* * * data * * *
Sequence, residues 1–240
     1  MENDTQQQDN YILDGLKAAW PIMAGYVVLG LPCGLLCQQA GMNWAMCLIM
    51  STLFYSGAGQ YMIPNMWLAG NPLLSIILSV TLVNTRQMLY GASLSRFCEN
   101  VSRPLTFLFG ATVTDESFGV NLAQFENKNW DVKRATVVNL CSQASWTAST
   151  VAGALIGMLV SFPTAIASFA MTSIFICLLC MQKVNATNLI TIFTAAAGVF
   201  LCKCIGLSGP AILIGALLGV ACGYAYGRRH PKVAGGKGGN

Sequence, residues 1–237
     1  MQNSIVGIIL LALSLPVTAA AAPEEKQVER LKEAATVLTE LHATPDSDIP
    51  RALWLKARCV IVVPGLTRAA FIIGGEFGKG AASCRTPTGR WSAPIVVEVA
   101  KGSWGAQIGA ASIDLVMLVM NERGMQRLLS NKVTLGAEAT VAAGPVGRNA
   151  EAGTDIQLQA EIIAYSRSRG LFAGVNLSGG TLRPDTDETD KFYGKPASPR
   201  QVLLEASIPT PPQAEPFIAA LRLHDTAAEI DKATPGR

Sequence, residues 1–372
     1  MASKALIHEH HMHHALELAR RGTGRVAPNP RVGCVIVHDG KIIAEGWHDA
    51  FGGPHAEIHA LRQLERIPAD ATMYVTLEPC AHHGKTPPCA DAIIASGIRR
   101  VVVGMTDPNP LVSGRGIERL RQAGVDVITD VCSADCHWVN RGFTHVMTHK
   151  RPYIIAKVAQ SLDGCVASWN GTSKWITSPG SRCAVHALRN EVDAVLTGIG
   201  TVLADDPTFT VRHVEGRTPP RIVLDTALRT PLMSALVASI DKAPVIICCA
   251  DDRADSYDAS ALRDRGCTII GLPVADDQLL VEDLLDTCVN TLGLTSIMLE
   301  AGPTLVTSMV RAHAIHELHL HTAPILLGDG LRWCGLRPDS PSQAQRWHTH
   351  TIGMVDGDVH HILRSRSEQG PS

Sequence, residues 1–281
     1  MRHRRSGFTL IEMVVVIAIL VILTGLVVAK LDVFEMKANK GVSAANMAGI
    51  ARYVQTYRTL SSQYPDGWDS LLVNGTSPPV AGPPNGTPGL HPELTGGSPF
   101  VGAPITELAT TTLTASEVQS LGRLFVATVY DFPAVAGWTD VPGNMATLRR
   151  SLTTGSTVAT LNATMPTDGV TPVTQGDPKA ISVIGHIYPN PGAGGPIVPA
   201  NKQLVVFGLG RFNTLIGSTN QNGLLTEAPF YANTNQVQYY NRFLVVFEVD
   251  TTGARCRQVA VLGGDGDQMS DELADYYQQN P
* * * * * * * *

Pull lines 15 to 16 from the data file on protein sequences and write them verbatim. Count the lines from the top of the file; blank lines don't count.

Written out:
    51  FGGPHAEIHA LRQLERIPAD ATMYVTLEPC AHHGKTPPCA DAIIASGIRR
   101  VVVGMTDPNP LVSGRGIERL RQAGVDVITD VCSADCHWVN RGFTHVMTHK